Sunday, September 26, 2010

The Women's Land Army

Women have always been involved in agricultural production and food processing, but during World War I women were especially leaned upon to produce food in the absence of men that had gone oversees. Women were solicited to apply to farm and grow the country food - it wasn't just Rosie the Riveter out there. Women were filling all sorts of positions, even before we had the right to vote. Imagine that.

How I wish I could have witnessed those days, when women were put into the workforce, taught various jobs and skills and asked if they would grow food for our country. Well, I just learned that there's an entire book about it, written by Elaine Weiss called "Fruits of Victory," that is turning into a full-blown, three-day event in Chicago this October 5 - 7. No doubt that this blog was written after receiving an email about event and the "The Women's Land Army" from one of the organizers. She writes of the event and author Elaine Weiss:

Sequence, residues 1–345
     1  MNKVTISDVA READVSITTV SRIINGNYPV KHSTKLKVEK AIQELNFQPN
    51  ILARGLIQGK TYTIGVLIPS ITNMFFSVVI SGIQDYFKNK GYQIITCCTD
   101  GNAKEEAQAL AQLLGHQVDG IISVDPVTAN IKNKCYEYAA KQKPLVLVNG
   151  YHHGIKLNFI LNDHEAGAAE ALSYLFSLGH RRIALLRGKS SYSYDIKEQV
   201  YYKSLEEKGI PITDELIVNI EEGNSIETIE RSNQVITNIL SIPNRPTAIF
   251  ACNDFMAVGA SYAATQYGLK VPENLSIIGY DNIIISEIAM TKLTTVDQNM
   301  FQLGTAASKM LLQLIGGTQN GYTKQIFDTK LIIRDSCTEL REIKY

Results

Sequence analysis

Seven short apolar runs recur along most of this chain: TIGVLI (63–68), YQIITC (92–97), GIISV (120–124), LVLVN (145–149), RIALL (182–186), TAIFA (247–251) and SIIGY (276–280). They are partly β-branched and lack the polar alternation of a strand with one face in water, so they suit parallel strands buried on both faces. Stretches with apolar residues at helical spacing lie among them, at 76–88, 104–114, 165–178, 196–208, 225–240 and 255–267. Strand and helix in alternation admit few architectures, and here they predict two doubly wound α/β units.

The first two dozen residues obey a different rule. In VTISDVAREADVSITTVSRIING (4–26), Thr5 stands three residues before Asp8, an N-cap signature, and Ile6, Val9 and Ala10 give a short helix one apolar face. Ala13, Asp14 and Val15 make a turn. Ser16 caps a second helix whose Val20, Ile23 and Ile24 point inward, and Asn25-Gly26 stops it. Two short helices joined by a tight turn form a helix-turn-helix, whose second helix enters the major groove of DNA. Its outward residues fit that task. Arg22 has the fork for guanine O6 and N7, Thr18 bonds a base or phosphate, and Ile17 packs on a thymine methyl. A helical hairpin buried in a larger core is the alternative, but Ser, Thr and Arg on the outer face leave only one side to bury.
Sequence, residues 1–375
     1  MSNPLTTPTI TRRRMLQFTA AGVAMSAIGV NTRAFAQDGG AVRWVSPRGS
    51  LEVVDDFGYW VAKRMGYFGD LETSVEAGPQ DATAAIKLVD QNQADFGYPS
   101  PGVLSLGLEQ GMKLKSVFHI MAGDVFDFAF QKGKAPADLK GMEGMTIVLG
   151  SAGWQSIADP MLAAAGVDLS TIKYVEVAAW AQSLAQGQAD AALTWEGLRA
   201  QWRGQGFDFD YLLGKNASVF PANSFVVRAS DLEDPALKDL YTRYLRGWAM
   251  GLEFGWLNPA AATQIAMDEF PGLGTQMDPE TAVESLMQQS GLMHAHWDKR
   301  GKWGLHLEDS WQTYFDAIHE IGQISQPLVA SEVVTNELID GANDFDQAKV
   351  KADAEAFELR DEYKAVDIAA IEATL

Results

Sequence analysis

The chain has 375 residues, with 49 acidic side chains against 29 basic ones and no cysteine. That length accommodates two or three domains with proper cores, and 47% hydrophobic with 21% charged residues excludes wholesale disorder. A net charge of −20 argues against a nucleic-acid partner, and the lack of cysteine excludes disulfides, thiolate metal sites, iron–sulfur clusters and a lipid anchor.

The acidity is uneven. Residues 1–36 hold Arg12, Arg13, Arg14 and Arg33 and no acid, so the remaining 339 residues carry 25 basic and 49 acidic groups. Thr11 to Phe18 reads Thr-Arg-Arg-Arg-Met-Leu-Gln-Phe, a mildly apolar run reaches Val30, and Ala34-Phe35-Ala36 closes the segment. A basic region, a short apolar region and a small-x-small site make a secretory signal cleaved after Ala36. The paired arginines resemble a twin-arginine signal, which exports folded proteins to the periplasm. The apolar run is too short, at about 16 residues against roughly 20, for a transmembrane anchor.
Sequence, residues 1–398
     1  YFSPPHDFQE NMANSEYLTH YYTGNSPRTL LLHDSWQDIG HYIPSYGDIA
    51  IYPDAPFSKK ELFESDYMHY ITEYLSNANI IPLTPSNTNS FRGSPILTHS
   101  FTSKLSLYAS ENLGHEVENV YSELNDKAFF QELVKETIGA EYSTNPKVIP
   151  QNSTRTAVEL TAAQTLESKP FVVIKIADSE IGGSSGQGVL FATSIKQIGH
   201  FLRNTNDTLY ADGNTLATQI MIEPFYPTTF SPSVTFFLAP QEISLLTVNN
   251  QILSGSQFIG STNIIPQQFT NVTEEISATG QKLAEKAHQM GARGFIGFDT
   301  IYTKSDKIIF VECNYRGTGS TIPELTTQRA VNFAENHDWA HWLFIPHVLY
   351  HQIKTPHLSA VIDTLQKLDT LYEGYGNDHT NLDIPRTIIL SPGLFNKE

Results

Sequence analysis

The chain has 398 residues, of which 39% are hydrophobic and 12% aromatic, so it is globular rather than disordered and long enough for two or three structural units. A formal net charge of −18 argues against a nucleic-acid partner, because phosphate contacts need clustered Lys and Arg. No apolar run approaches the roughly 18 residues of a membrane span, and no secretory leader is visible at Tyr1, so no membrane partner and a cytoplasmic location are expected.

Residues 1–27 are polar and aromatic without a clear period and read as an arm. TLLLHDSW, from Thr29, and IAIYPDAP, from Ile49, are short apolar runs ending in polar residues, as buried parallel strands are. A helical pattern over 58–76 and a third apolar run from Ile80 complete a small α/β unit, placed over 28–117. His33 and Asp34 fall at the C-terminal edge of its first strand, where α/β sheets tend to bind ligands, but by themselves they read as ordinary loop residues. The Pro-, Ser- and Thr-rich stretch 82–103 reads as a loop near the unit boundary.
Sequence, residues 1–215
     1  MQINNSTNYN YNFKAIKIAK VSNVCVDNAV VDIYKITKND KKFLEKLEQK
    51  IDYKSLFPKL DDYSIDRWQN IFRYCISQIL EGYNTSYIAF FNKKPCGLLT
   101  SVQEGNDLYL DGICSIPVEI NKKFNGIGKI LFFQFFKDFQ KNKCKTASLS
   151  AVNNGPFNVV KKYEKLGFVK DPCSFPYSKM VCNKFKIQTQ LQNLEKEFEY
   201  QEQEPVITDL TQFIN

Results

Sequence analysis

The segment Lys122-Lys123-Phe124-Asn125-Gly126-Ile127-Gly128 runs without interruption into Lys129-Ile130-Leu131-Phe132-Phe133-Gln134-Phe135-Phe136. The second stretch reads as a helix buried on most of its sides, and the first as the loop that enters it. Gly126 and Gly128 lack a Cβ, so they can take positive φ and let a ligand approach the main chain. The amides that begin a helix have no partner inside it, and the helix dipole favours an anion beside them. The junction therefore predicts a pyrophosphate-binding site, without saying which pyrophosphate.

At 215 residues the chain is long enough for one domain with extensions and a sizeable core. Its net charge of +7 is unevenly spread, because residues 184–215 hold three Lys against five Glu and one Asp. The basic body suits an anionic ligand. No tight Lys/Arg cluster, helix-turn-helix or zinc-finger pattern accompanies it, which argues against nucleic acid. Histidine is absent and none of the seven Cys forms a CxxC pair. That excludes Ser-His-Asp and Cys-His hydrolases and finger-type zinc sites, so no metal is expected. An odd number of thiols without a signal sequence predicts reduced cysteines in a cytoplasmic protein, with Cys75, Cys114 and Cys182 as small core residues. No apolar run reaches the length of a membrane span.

Weiss’ three day swing through Greater Chicagoland is designed not only to educate advocates of sustainable agriculture about landmark contributions by Progressive era women to insure food security in WWI, but also to hear about the future of American food production as laid out in the "Go to 2040 Plan" of the Chicago Metropolitan Agency (CMAP) and to learn what could be incorporated into the 2012 Federal Farm Bill if women demand changes in the way American food is produced.

If I were in the Midwest, I know where I would be October 5 - 7. Check it out! The website is great as is the info about the author. I'm looking forward to getting my hands on a copy.

1 comment:

  1. This really was a transformative time in history for American women, with so many women working and fully responsible for their families. Growing food was such an important piece of fulfilling that responsibility for so many people. Thanks so much for the tip on this book; I'm definitely going to check it out.